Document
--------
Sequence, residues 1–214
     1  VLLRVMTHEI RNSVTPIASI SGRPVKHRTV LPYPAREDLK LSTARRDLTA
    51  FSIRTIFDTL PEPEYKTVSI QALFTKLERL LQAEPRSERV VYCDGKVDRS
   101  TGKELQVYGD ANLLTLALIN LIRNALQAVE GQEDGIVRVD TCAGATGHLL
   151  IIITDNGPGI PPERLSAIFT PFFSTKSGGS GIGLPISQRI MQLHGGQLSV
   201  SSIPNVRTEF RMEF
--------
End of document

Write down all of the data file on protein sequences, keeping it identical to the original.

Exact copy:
Sequence, residues 1–214
     1  VLLRVMTHEI RNSVTPIASI SGRPVKHRTV LPYPAREDLK LSTARRDLTA
    51  FSIRTIFDTL PEPEYKTVSI QALFTKLERL LQAEPRSERV VYCDGKVDRS
   101  TGKELQVYGD ANLLTLALIN LIRNALQAVE GQEDGIVRVD TCAGATGHLL
   151  IIITDNGPGI PPERLSAIFT PFFSTKSGGS GIGLPISQRI MQLHGGQLSV
   201  SSIPNVRTEF RMEF